Coming back from vacation last week I was really excited to share my experiences with my friends at the Library. I was surprised to realize how many literary experiences I had. It gives me the opportunity to share some of my favorite authors on the blog:
Some fellow travelers at our Bed and Breakfast pointed out that there is a special walking tour in Edinburgh just for Ian Rankin, and Inspector Rebus mystery fans. I had not read any of his books, but, influenced by the evocative atmosphere of Edinburgh, I picked one up at a bookstore there. Fleshmarket Alley is set in an actual "close" right off of the Royal Mile.
One of my favorite suspense novels, Dr. Jekkyl and Mr. Hyde by Robert Louis Stevenson, was based on Deacon Brodie, a furniture maker in Olde Edinburgh. I discovered this when wandering down the "Royal Mile" between Edinburgh Castle and Holyrood Palace and saw a plaque with a story about him. He apparently designed the scaffold by which he was eventually hung.
During the same walk, we ran across a plain-looking coffee shop, which had an intriguing sign on the front: "Birthplace of Harry Potter." It turns out, the Elephant Coffee Bar was where J.K. Rowling spend cold days writing the Harry Potter novels before she was well-off enough to afford the heat for her apartment. I could certainly see the attraction of the place which overlooks a landmark graveyard, the Greyfriars Kirkyard, and has a prime view of the Edinburgh Castle right out the window. A newspaper article on the wall explains that J.K. Rowling also completed the very last pages of Harry Potter and the Deathly Hallows in the expensive and palatial Balmoral Hotel across town. That was very satisfying to me since I am a big fan and believe she has earned and fully deserves to be staying in the gorgeous Balmoral Hotel.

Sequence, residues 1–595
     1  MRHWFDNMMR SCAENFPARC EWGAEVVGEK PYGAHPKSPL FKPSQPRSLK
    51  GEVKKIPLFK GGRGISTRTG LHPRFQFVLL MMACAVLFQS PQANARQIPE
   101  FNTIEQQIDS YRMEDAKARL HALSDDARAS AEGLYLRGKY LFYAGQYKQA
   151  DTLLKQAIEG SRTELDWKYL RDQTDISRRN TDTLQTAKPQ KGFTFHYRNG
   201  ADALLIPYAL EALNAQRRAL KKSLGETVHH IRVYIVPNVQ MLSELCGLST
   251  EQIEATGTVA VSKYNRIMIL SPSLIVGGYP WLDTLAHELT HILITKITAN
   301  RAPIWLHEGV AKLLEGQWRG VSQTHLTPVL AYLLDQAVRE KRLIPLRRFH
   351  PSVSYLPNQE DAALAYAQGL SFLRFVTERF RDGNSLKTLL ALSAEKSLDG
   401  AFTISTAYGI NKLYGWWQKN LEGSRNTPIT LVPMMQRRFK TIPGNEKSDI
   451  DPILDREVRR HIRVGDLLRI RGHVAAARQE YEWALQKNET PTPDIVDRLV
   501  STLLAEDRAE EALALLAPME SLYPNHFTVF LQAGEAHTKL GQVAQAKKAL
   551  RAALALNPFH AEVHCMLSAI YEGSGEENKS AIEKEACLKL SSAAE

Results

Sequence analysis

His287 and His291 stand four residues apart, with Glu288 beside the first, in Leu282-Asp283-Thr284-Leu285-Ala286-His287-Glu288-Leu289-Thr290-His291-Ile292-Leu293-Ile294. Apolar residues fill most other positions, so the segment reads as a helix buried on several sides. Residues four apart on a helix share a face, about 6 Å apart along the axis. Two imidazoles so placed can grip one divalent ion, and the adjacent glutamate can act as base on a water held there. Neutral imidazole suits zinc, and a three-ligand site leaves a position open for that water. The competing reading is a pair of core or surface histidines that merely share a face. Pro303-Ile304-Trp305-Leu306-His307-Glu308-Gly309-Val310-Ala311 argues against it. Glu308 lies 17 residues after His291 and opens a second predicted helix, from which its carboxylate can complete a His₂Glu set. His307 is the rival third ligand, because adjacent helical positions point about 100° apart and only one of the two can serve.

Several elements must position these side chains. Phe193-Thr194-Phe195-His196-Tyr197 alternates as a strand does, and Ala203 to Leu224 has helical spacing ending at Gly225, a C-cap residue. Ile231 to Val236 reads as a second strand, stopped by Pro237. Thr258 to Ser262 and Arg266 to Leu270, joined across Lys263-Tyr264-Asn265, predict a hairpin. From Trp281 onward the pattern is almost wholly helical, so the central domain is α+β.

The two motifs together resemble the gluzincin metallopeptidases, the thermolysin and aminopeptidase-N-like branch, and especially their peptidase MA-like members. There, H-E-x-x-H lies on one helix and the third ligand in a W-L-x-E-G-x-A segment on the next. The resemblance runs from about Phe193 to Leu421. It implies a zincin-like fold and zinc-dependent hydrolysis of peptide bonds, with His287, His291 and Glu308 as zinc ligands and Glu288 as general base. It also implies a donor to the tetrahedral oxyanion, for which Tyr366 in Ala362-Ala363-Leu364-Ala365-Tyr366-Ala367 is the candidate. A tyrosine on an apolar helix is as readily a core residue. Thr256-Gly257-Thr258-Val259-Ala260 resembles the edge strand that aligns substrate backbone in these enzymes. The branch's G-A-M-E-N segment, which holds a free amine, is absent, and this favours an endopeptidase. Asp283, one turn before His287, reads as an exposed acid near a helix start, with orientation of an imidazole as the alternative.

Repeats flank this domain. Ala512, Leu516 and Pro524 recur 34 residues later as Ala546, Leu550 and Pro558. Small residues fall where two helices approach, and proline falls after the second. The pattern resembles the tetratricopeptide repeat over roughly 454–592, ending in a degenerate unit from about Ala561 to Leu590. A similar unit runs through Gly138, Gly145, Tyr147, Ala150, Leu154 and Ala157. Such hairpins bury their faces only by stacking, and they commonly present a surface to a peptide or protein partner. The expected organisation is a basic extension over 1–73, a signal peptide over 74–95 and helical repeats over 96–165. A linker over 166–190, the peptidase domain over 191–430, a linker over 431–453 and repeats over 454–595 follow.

England was the setting for more Harry Potter adventures. In Durham, England, we saw Severus Snape’s classroom from the films, and Platform 9 ¾ at King’s Cross Station in London. They are part of the everyday scenery there and many are proud to show it off to tourists.
When we visited Durham England in Northumberland, we discovered another one of our favorite authors enjoys being there, too. Bill Bryson is, in fact, Chancellor of the University of Durham. He wrote one of his books about England, Notes from a Small Island.
Taking along the book Pillars of the earth by Ken Follett, enriched my sightseeing when I visited many cathedrals and churches in various styles in England. It also made me appreciate the lives of people who built these impressive buildings without modern machinery. It also helped make the multi-hour plane trip go by a little faster. There’s a sequel, too, which just came out last year, World without end
Seeing places from some of my old favorite books and authors and learning about some new favorites made me want to check out something on my list to prolong my vacation as soon as I got back.
PG Mom said, on Feb. 15 at 9:20PM
Lucky traveler! Thank you for making feel like I was on your trip, too. Do you know why JK Rowlings writing place is called the 'elephant' coffee bar? were there elephants in the decor or is that one of those words that means something else completely in another place?
Mariann said, on Feb. 18 at 12:34PM
No, it doesn't mean anything special, that I know of. There were cool elephants decorating the coffee house, but the best thing there was a beautiful view out the window of the Edinburgh Castle and the Greyfriars Kirkyard, a graveyard with very old stones where they buried the brothers from a nearby monastery. It also includes a special dog who slept on his master's grave for 12 years. "Bobby" is commemorated by the statue outside the churchyard near the Elephant Coffee House. THanks for asking!
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